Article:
NEW YORK (Reuters) - Same-sex couples have a new right to celebrate in April, when they can file joint federal tax returns for the first time.
It might actually make sense for some couples to stay asunder in the eyes of the Internal Revenue Service, even though the U.S. Supreme Court struck down the Defense of Marriage Act in June 2013. Tax experts say only about 5 percent of married couples file separately because of significant downsides such as limited itemized deductions and a much higher tax bite, but it may work out better than filing jointly in specific circumstances.
“Many couples see the pain, going from two singles to married,” said Terry Durkin, director of the National Association of Enrolled Agents.
Here’s what married couples, regardless of gender, need to consider as they decide how to file their taxes in 2014:
1. Are your incomes unequal?
If one spouse makes considerably less money than the other, consider filing separately to keep each in a lower tax bracket. This is especially true if the lower-earning spouse has high itemized deductions such as big medical expenses that would not qualify for a deduction, which starts above 10 percent of the combined adjusted gross income.
Income disparity is on the minds of Julie Dorley and her wife Susana as they consider filing separately for the first time as a married couple. They wed in 2004 in Massachusetts, which recognizes same-sex unions.
Dorley, an information services worker in Boston, has W-2 income, while her wife owns two freelance businesses that produce much lower income and require quarterly estimates.
Durkin, her tax adviser, said most tax preparers will run the numbers both ways and that tax preparation software such as TurboTax, a unit of Intuit Inc, usually allows manipulation to compare outcomes.
“I think we’ll still file jointly, I feel like I have a political stake in doing so,” Dorley said.
2. Are you both high-earners?
Durkin, who is based in Burlington, Massachusetts, has another client couple considering filing separately. They both earn a lot, putting them over the new combined threshold of $450,000 for paying higher tax rates on things such as capital gains.
The math is so dire in some cases that high-earning same-sex couples are considering the tax issue as they decide whether to marry.
Jean Nelsen, president of the California Society of Enrolled Agents, has received at least six calls in the last three months from same-sex clients seeking her financial opinion on the decision.
“They say, we’re leaving it up to you whether we should get married or not,” Nelsen said. She told them: “If this is your deciding factor, then don’t get married. If you don’t have another reason, then it’s the wrong place for you.”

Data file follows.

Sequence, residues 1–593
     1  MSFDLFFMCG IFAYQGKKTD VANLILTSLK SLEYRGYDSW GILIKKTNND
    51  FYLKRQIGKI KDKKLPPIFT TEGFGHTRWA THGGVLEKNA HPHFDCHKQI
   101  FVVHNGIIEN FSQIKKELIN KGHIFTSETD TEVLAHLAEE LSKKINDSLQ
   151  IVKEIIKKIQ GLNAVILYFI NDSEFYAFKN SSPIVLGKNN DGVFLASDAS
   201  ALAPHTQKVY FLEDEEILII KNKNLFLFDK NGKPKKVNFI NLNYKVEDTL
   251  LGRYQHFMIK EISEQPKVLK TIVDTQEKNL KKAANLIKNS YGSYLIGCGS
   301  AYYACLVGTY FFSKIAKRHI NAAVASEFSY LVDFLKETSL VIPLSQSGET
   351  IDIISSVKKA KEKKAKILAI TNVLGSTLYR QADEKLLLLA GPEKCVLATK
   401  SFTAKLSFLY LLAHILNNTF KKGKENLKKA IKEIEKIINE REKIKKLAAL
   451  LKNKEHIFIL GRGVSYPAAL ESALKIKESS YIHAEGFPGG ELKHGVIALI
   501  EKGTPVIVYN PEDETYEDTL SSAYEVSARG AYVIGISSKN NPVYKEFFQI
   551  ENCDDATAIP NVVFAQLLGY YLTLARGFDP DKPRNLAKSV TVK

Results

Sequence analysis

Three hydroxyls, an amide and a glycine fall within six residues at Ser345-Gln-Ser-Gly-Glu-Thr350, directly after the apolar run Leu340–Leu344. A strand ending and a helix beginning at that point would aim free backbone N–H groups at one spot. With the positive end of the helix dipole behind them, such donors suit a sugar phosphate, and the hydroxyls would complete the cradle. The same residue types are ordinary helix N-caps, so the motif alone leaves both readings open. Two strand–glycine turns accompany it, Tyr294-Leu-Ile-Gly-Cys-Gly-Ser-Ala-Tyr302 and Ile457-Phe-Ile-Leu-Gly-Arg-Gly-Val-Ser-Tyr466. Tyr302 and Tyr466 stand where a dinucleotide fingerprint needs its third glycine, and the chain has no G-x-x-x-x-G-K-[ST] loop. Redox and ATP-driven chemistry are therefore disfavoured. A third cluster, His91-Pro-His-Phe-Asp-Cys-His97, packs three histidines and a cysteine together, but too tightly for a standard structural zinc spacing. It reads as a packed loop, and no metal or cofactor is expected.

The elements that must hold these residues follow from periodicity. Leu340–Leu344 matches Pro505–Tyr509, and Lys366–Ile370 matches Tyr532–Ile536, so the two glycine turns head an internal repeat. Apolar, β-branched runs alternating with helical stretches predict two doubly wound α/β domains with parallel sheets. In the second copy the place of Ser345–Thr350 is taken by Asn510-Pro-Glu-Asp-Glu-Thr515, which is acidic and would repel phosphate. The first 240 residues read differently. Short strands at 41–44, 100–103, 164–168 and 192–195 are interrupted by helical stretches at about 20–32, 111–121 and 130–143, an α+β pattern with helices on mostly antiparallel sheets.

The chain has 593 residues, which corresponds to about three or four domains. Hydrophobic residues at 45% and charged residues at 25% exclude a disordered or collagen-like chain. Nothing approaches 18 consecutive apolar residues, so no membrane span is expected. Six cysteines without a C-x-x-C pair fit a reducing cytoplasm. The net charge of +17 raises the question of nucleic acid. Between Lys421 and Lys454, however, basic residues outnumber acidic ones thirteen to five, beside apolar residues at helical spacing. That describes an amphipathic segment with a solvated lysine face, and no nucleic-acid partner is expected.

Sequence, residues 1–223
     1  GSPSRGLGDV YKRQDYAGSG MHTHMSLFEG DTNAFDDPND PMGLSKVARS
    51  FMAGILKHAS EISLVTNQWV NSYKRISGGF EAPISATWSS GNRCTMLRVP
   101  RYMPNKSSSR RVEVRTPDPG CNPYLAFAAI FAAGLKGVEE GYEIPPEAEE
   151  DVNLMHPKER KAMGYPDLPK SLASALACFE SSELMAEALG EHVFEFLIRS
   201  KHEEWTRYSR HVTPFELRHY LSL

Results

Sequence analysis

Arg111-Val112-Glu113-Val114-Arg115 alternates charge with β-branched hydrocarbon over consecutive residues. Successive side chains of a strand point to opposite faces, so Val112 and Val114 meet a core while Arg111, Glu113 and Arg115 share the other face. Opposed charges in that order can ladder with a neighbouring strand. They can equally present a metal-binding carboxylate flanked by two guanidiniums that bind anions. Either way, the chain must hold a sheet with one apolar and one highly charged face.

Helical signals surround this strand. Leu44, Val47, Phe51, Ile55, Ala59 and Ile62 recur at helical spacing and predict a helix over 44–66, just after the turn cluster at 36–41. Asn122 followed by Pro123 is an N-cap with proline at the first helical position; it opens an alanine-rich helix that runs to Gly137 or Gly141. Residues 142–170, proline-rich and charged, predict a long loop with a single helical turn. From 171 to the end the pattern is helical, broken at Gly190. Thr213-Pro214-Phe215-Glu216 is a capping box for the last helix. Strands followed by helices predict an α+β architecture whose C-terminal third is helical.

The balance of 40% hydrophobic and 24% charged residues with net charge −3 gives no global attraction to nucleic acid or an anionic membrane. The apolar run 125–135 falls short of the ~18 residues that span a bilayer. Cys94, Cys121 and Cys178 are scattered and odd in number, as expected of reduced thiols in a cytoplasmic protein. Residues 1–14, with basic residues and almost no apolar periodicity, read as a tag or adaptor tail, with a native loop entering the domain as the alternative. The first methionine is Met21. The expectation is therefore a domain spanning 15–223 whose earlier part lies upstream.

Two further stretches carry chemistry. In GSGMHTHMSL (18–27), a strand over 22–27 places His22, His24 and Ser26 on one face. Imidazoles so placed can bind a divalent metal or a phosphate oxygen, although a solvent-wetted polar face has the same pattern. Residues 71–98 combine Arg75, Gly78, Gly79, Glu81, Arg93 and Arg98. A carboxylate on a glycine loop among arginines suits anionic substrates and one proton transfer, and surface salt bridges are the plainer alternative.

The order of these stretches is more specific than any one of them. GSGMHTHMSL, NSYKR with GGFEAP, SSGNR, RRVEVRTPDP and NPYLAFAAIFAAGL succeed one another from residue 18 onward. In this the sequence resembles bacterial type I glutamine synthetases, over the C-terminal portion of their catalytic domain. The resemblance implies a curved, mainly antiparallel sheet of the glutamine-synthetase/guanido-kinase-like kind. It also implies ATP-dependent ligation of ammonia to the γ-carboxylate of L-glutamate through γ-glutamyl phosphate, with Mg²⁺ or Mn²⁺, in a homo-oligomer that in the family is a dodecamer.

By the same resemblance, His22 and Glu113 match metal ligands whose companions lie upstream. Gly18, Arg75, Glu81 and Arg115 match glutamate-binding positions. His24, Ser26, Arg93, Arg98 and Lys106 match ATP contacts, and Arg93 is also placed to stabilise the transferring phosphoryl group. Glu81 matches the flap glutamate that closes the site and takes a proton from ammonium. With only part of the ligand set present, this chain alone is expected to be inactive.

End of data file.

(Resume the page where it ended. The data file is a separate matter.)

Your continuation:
3. Do you want to separate assets?
In community-property states such as California, Texas, Arizona and a handful of others, separate filing is required for keeping assets from commingling.
Nelsen, based in San Francisco, said she usually advises clients in this position to get a prenuptial or postnuptial agreement to delineate ownership. She gets about a dozen of these cases in a year.
Nelsen cautioned, however, that it is not for everyone: Couples usually decide not to file separately because their lives are too intermingled.
5. Is anyone hiding anything?
Filing separately means the IRS will not hold a spouse liable for mistakes or fraud on the other’s return.
You may want to go your own way if “you’re in a situation where you aren’t confident that your spouse was being aboveboard and you don’t want to get involved in it,” suggested J.J. Montanaro, a financial planning expert with USAA, a financial services company that caters to customers with military ties.
6. Are you mad at each other?
Divorcing couples who do not have a signed decree before December 31 of that tax year could consider filing separately for practical reasons, even if it might be more beneficial financially to file jointly.
Acrimony also is a warning sign that filing separately may be in your best interest.
Cynthia Leachmoore, an enrolled agent based in Soquel, California, said she tells married clients that filing jointly is an election and if one spouse does not want to, the other cannot.
While Leachmoore thinks she files more separate returns than her colleagues, she doesn’t think she’ll end up getting a large number of new same-sex couples going that route this year.
“People are dancing up and down to file jointly,” Leachmoore said.
(Corrects the spelling of Jean Nelsen in paragraphs 12, 13, 15 and 16)
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Editing by Lauren Young and Amanda Kwan)